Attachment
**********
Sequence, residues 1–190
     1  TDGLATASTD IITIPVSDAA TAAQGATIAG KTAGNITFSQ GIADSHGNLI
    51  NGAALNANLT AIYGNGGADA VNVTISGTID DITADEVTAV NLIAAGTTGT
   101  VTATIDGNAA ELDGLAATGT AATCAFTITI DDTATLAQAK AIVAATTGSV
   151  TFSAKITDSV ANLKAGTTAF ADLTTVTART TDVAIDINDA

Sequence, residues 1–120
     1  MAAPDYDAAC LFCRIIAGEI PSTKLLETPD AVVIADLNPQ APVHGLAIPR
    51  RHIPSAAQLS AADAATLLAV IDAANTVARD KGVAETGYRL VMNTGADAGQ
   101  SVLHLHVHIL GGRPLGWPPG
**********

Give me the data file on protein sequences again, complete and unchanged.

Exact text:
Sequence, residues 1–190
     1  TDGLATASTD IITIPVSDAA TAAQGATIAG KTAGNITFSQ GIADSHGNLI
    51  NGAALNANLT AIYGNGGADA VNVTISGTID DITADEVTAV NLIAAGTTGT
   101  VTATIDGNAA ELDGLAATGT AATCAFTITI DDTATLAQAK AIVAATTGSV
   151  TFSAKITDSV ANLKAGTTAF ADLTTVTART TDVAIDINDA

Sequence, residues 1–120
     1  MAAPDYDAAC LFCRIIAGEI PSTKLLETPD AVVIADLNPQ APVHGLAIPR
    51  RHIPSAAQLS AADAATLLAV IDAANTVARD KGVAETGYRL VMNTGADAGQ
   101  SVLHLHVHIL GGRPLGWPPG